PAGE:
Throughout her career, Louise Bourgeois experimented with various materials for her sculptures. For her totems, she worked with wood, fabric, bronze, and plaster and latex in the 1960s. Her marble works are a tribute to the baroque sculpture of the 17th century and particularly to the Italian sculptor Gian Lorenzo Bernini. Baroque (1970), exhibited at her first retrospective at the Museum of Modern Art (MoMA) in 1982, can be interpreted as a metamorphosis and contemporary readaptation of the famous sculpture Apollo and Daphne. In the 1990s, Louise Bourgeois created a series of works from aluminium. The reflective capacities of the material make it possible to have spectators confront the artist’s message and become the actors of their own psychology, as in Le Miroir (“The Mirror”) (1998) and the mural reliefs Toi et Moi I (“You and Me I”)and Toi et Moi II (“You and Me II”)(1997), the monumental curves of which undulate over the wall. Both reliefs work as complementary motifs in which the concave roundness of the convolutions of one is the counterpart of the edges of the convex reliefs of the other. This perfect but unstable geometry expresses all the ambiguity of the relationships that were both a source of anxiety and a necessity for the artist. The variant of this theme was the motif featuring in Couple, which Louise Bourgeois addressed through sculpture only from the 1990s. In this aluminium version from 2003, she associated a figurative representation of the human body with an abstract spiral motif. Spirals both symbolise complementarity and create distance. The couple is suspended in mid‑air, turning on itself in a state of ambivalence and perpetual fragility, frozen for eternity in an almost embrace.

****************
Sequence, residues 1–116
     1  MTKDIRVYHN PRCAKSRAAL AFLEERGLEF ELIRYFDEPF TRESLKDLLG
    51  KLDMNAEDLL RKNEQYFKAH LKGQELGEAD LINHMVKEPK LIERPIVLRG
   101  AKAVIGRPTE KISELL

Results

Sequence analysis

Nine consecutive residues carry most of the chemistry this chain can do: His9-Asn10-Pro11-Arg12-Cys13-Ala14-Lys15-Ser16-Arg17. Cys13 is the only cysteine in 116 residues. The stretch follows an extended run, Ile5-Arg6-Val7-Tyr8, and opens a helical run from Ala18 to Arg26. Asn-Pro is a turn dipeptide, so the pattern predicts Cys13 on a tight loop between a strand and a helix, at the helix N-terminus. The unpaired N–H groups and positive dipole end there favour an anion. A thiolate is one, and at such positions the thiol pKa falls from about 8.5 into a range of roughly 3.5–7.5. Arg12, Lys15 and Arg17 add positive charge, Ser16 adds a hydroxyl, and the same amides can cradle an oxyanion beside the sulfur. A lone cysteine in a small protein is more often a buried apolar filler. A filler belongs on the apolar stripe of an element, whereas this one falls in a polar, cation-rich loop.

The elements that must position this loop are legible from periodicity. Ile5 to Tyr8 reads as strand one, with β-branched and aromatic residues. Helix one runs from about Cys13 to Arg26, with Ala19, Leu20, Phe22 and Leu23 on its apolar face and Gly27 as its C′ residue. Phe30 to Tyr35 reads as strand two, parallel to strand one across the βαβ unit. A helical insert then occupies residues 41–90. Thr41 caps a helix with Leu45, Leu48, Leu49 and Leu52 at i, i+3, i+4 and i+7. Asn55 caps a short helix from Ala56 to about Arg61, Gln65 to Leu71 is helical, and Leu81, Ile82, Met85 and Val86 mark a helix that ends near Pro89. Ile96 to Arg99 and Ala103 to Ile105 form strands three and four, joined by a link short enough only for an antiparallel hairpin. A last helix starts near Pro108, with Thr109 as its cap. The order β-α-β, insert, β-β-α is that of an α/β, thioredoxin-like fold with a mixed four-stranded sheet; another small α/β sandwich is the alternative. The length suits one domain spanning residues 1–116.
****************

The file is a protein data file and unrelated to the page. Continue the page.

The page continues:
The spiral motif, fundamental in the oeuvre of Louise Bourgeois, returns in The Fountain Couple (1999). She chose here to represent the duality and complementarity of couples through these two sculptures/fountains made of concentric circles, built to resemble a den. The infinity of these motifs - which she associated with the spins performed to rinse fabrics in the river in her youth – suggests the flowing of life‑giving liquid. In this case, Louise Bourgeois conceived the couple as a refuge, a creative entity.

In addition to sculpture, drawing was the most important means of expression for Louise Bourgeois. By seizing her visual thoughts in mid‑flight and recording them as in a secret diary, her Pensées‑plumes (“Thought-feathers”) were a way of exorcising her anguish. Figurative drawings were, for her, a way to externalise and free herself of negative memories, while abstract drawings came from a profound need for peace. The last years of Louise Bourgeois’ career were marked by a return to the theme of maternity (Femme - “Woman” - 2007). She represented pregnancy, childbirth and breastfeeding in gouache, using an intense red loaded with an expressive force. Red represents both blood and life, passion and love. Simultaneously simple and poetic, painful and soothing, these images convoke overwhelming experiences in her life as both woman and artist.
As well as drawings, the production of multiples (engravings, dry‑point prints and illustrated books) was a significant part of Louise Bourgeois’ oeuvre. Created in 1998, Topiary (The Art of Improving Nature) addressed the theme of topiary, the art of tree‑trimming, and the regenerative power of plants following trauma as a metaphor for personal issues. With Anatomy (1990), she gave shape to the effects of psychological pain on the human body.

Exhibited works